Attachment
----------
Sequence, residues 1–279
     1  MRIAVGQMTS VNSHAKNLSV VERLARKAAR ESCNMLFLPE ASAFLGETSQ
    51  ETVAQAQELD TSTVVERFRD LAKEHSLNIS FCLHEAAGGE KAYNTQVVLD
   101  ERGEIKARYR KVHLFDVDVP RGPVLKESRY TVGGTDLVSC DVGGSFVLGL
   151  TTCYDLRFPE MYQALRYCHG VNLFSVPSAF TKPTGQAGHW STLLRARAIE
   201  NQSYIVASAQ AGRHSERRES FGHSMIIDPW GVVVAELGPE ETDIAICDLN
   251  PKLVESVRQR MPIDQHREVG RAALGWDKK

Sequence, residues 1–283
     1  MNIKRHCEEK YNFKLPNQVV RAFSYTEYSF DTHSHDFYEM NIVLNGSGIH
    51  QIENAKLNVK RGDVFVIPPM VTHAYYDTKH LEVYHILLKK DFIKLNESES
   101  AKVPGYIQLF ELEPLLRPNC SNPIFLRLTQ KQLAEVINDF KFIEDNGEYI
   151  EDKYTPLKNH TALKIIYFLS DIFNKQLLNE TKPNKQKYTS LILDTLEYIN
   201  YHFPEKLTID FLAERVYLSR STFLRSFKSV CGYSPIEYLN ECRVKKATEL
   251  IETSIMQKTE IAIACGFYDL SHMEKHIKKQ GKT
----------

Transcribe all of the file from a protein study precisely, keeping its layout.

Sequence, residues 1–279
     1  MRIAVGQMTS VNSHAKNLSV VERLARKAAR ESCNMLFLPE ASAFLGETSQ
    51  ETVAQAQELD TSTVVERFRD LAKEHSLNIS FCLHEAAGGE KAYNTQVVLD
   101  ERGEIKARYR KVHLFDVDVP RGPVLKESRY TVGGTDLVSC DVGGSFVLGL
   151  TTCYDLRFPE MYQALRYCHG VNLFSVPSAF TKPTGQAGHW STLLRARAIE
   201  NQSYIVASAQ AGRHSERRES FGHSMIIDPW GVVVAELGPE ETDIAICDLN
   251  PKLVESVRQR MPIDQHREVG RAALGWDKK

Sequence, residues 1–283
     1  MNIKRHCEEK YNFKLPNQVV RAFSYTEYSF DTHSHDFYEM NIVLNGSGIH
    51  QIENAKLNVK RGDVFVIPPM VTHAYYDTKH LEVYHILLKK DFIKLNESES
   101  AKVPGYIQLF ELEPLLRPNC SNPIFLRLTQ KQLAEVINDF KFIEDNGEYI
   151  EDKYTPLKNH TALKIIYFLS DIFNKQLLNE TKPNKQKYTS LILDTLEYIN
   201  YHFPEKLTID FLAERVYLSR STFLRSFKSV CGYSPIEYLN ECRVKKATEL
   251  IETSIMQKTE IAIACGFYDL SHMEKHIKKQ GKT